"Think about it: mathematically we play everybody, they [the SEC] don't play everybody," Stoops said. "For instance Texas A&M. They play eight conference games.

"They have Lamar, Rice, SMU and Louisiana Monroe. Boy those are all a bunch of toughies, right? We have nine conference games. So if [Texas A&M] was fortunate enough to be in the SEC championship game, they would play nine conference games at the end of the day and they have all those four 'toughies' to go with it.


(Read full post)


Whether you believe him or not, Alabama coach Nick Saban is playing his quarterback battle close to the vest.

You, me and everyone in between has former Florida State backup Jacob Coker taking the starting job in Tuscaloosa, Alabama, but Saban isn't going to make it that easy. What Saban doesn't want is an overly confident quarterback walking into his program and screwing things up, so Saban's language makes sense.

Still, we're all pretty sure that Coker will leave fall practice ahead of Blake Sims and those youngsters who duked it out during spring practice.

While we might have it all figured out for the Crimson Tide, competition will take place next month to see who starts the opener against West Virginia on Aug. 30. And that's not the only QB battle that we'll be diving into in the coming weeks. Other teams are trying to sort things out under center heading into fall camp:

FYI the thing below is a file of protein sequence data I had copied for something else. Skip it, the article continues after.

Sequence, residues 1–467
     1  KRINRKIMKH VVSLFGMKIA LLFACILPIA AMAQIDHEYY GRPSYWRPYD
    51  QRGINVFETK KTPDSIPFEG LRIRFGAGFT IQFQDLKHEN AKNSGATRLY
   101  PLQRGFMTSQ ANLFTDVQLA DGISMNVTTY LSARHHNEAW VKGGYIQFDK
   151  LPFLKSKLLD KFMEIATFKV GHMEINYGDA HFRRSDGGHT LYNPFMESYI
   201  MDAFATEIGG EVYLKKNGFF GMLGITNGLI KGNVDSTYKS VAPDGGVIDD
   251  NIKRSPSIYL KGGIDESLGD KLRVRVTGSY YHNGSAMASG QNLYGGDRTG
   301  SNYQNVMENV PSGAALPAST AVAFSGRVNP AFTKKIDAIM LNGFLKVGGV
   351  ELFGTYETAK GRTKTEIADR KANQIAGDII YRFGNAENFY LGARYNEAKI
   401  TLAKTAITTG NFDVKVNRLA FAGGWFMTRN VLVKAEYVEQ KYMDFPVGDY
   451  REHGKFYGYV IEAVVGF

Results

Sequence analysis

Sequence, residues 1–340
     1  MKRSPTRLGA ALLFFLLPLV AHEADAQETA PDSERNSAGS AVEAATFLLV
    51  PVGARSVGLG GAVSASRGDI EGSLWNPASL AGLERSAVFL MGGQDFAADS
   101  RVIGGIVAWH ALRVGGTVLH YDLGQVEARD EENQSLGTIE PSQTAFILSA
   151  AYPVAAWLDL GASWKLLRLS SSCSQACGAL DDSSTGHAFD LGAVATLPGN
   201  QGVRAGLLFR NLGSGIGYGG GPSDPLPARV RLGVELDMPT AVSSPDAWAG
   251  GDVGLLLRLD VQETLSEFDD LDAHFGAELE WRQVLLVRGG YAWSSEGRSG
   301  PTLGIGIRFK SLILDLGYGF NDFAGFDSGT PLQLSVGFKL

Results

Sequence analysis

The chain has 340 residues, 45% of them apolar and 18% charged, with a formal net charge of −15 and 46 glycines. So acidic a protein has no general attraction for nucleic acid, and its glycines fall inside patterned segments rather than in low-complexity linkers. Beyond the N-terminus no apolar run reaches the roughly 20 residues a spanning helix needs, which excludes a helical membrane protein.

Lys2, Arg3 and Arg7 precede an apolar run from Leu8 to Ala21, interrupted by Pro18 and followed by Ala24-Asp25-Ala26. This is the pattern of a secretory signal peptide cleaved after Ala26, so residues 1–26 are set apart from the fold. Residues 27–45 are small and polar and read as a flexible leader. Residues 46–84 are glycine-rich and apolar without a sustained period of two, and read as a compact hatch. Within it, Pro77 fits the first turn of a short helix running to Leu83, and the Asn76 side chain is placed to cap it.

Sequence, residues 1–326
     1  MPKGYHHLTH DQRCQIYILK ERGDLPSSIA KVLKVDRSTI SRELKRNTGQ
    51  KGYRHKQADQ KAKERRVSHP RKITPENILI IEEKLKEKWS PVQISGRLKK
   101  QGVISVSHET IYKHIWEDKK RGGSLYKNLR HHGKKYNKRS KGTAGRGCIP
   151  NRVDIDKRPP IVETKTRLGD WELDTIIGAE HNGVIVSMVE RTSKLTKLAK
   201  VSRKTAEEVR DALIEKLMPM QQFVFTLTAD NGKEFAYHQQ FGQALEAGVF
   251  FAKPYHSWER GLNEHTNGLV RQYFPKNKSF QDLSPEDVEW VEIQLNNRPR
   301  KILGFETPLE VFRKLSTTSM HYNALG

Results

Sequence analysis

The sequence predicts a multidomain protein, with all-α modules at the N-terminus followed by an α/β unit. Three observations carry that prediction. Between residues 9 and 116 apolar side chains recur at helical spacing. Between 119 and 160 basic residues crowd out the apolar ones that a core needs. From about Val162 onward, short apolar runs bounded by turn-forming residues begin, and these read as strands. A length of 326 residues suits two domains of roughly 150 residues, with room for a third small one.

KENTUCKY

Patrick Towles vs. Drew Barker vs. Reese Phillips vs. Maxwell Smith: Coming out of spring, Towles, a redshirt sophomore, had a slight lead over everyone. He's an impressive athlete and has matured considerably since his arrival on campus. Phillips and Barker have yet to take snaps with the Wildcats in a real game, but that won't stop the coaches from throwing them in on Day 1 of the season. Barker arrived with a ton of hype and is clearly the future of the position. Smith, the quarterback with the most experience on the roster, is finally throwing again after undergoing extensive shoulder surgery before the spring. If he's healthy, he'll compete, but it looks like this really is a three-horse race right now. Advantage: Towles

LSU

Anthony Jennings vs. Brandon Harris: Jennings ended last season with mixed reviews after replacing an injured Zach Mettenberger. And his spring got even tougher with the emergence of Harris, a true freshman. Both are incredibly inexperienced, but have that dual-threat quality that will help either this fall, as they try to run this offense. Harris really impressed his coaches and teammates this spring, and many think he might have a slight advantage. Coach Les Miles raved about him at SEC media days and praised his throwing ability, something Jennings has to work more on going forward. Advantage: Harris

TENNESSEE

Justin Worley vs. Josh Dobbs vs. Nathan Peterman: Worley is the old soul around the football complex. The senior had an up-and-down 2013 season that included thumb surgery, but left spring with a bit more confidence. Dobbs has the athleticism and upside to be a stud, but he has to get more comfortable in the pocket and mature as a passer. Peterman had limited reps this spring, causing some to think he would transfer, but he'll compete this fall for the starting job. Honestly, it's a murky situation at quarterback, but a complete overhaul of the offensive line might make it tough for any quarterback to succeed in 2014. Advantage: Worley